The Fabulous Familiar

Taking the ordinary and making it extraordinary...

Monday, May 31, 2010

Bird Poo or Turkish Bath? You decide.

I just saw in a glamour magazine that bird poo is the new trend in facial treatments. Apparently, some of the top spas are using the stuff that splats on your car as an exfoliating scrub. This blog entry is not going to be encouraging you to turn an aggravating splat on your windshield (which usually occurs right after a car wash) into your morning ritual.

Instead, it reminded me of another horrifying beauty treatment that I endured a few years ago while studying abroad in the country of Jordan. My friends repeatedly ask for me to tell this story; unfortunately, this is the way some of their friends are introduced to me: "The Turkish Bath" girl. While it will be quite a feat to put this experience into the written word when it has for so long had my body language and crazy hand motions and facial expressions to describe it, I will press on anyway and put this into writing:

I had spent like 7 hours walking around in the Jordan desert, and I was exhausted. We got back to the hotel and there was a sign that said, "Turkish Bath: 20 Euro." My friend and I inquired about what a turkish bath indeed was.

"Oh," said the guy at the counter, "it's just like an American spa. Just like American spa. Very relaxing."

With those words, I was sold. I could think of nothing better than getting a nice massage after a long day of tours. So...I signed up.

My first cue to RUN should have been when they led me outside of the hotel into a nearby hut. Still, I followed like a lamb to the slaughter.

When I got in there, these two Egyptian men in nothing but short swimsuit trunks were standing there to meet me and my friend who was also gullible enough to join.

"Put on this," they said, handing me a white sheet that could have doubled as a placemat. I looked from my body, to the placemat, body to the placemat trying to see how this was going to work at all.

Still, I obeyed. I came out, clinching this white thing around me for dear life. One sneeze and this sucker would have been gone. I hobble behind the man and he leads me into this nearby room. Instead of the candles, soft music and dim lights I expected from an American spa, I was instead met with warehouse-type lighting that could have been in one of the SAW movies. There is not a speck of decoration except for this huge marble slap that is about 3 feet high.

"Get on marble," he instructs flatly.

I expect him to leave the room or at least turn around because there is absolutely no lady-like way to get up on this marble while wearing a white napkin for coverage. Unfortunately, privacy is not a priority here in Jordan and he just stands there following his direct order. Thanks.

I finally belly flop onto the marble and he comes at me with buckets of lukewarm water. He begins to throw them at me like the scene in Fantasia {cue the music and the brooms!}

As soon as I would think he was finished, I would look up with open eyes and *WHOOSH* another waterfall would hit me in the face and make my eyes quickly become bloodshot.

He then came at me with these oven mits that had little scrubbers on them. You know why they call it a "Turkish Bath"? Because they basically scrub you down and, well, bathe you.

After we're done with that part of the session, he leads me to this other room, equally as creepy, and instructs me to lay face-down on this massage bench that is designed for body types like the Olsen twins. Half my body is hanging off and I stick my head through the hole as I stare down at the nasty floor.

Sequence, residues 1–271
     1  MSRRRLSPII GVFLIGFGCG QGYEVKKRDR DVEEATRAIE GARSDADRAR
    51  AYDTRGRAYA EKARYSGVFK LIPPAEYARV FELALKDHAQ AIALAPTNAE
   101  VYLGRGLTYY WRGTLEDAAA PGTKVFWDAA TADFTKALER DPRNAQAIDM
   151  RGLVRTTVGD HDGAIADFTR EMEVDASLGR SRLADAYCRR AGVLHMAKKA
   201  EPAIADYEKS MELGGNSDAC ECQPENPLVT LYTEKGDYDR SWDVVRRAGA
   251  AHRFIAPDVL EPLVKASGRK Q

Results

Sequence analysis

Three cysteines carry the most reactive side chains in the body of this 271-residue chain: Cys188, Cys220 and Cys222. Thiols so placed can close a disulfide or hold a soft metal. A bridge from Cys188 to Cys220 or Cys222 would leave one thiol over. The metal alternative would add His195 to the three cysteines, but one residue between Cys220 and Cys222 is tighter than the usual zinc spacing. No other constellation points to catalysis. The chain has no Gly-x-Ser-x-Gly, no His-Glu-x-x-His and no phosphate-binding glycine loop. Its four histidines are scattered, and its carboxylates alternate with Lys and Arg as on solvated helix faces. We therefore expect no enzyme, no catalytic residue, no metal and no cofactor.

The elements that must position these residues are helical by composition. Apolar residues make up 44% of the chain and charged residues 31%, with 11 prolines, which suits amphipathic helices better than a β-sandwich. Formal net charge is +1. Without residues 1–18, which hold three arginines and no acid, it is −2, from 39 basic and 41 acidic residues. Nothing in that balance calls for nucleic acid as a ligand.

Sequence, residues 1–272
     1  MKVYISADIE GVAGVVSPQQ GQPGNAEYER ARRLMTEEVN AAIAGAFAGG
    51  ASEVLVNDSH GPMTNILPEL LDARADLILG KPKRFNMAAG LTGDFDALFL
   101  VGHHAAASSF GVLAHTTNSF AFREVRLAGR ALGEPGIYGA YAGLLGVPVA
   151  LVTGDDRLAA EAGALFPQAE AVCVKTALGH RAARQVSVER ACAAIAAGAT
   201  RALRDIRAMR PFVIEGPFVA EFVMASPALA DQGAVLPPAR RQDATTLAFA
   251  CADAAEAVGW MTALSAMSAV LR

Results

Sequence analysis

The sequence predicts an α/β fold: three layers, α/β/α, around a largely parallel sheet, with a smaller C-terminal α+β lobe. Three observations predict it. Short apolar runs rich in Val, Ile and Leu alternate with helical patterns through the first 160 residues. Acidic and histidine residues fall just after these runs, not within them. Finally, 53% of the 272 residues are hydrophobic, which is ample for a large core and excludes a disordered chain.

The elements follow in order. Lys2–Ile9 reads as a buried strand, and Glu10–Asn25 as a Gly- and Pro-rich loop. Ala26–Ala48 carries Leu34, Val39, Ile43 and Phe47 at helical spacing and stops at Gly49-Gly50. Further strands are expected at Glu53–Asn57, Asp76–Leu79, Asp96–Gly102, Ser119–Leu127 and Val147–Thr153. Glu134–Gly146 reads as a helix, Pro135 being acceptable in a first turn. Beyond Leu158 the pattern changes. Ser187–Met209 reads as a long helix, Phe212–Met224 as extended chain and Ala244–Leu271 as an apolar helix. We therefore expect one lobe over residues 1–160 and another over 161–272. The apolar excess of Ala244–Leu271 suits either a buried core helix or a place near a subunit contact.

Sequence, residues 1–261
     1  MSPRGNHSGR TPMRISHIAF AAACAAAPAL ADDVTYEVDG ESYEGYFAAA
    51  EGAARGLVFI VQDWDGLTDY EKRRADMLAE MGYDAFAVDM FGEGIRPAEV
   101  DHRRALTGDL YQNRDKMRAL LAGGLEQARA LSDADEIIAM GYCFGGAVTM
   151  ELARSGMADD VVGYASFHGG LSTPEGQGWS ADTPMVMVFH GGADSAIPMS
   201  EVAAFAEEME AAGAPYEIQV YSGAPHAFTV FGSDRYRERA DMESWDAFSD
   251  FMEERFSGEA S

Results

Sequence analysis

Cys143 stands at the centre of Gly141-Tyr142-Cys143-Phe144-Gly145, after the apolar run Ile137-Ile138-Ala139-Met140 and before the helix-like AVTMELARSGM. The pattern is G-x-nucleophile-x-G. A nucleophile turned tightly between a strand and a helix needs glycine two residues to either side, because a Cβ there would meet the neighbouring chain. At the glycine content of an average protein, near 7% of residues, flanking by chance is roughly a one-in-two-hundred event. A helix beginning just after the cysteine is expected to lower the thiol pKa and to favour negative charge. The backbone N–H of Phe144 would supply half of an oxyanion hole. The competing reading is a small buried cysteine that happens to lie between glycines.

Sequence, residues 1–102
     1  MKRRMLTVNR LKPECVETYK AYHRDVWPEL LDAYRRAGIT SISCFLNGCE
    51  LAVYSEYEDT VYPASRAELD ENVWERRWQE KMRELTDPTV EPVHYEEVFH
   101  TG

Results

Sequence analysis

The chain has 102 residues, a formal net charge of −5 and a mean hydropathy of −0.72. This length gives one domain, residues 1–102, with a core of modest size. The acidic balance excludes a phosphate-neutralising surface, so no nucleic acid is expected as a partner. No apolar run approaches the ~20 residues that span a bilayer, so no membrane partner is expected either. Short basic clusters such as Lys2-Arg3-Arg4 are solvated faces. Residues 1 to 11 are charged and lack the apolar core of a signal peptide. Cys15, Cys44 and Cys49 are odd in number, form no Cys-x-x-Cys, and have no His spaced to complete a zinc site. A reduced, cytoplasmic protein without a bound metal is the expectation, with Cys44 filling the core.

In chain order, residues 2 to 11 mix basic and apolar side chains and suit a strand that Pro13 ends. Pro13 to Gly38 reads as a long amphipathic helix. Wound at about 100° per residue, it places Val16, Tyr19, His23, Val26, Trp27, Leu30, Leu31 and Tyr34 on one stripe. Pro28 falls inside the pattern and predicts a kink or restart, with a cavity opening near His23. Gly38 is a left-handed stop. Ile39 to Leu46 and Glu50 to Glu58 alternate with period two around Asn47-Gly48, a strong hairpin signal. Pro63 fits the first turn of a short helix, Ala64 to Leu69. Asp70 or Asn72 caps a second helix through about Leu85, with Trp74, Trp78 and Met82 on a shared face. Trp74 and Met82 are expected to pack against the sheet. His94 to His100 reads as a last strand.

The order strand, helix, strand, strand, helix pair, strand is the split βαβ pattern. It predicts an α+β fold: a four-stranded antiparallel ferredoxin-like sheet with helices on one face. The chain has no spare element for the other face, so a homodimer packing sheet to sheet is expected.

The bucket of water ritual seems to be a constant throughout this whole ordeal, and he begins to pour water on my head again and proceeds to do this water massage that consists of circular motions that an 80-year-old woman would have the strength to do. So much for getting the stress knots out.

Because the chair is so narrow, my arms are hanging off the side. During one of his massseuse maneuvers, he pins my arm against the table in a not-so-ideal position. This is the point at which this nightmare becomes inadvertently PG-13 rated as my hand is (not by choice, mind you) TRAPPED. I am not going to expand upon how it was trapped or what made this situation less than stellar, but use your wildest imagination and you can probably guess why I was going forward the following Sunday.

Once he stepped back slightly, you better believe my arms flew up like a penguin sliding down an ice ramp.

After throwing more water on my face and washing my hair, he wrapped a dry towel around me even though I volunteered to do it myself. As he was wrapping me up, he began to whisper, "You from America? American girl?"

This is the point at which I thanked God for my time on Earth; for the opportunity to travel, and for letting me see the world before I died mid-bath.

Luckily, the guy let me go and served me some hot tea. As I was sipping my tea, I began to feel my face turn back to its normal shade of beige instead of the firecracker red it had been for two hours. Instead of feeling clean, though, I felt dirty. I felt embarrassed. I just wanted to go back to the hotel and take my own bath, use my own soap and get clean with my own personal loofah.

As I marched back to the hotel, I began to see some of my fellow classmates. "How was the spa?" they asked. The red returned to my face and my only response was, "It was NOT a spa." Laughter ensued, and before I knew it, I began to laugh about it too. It has since become one of my classic stories of Ashton naivety.

Though at the time I may have chosen the bird poo, I look back and laugh that I didn't.


Blogger Cole said...

hahahaha this is so hilarious! I think I might want an in-person run-down of the event tho because I can imagine your facial expressions and intonation would make the story 100x funnier!

June 17, 2010 at 11:11 AM  

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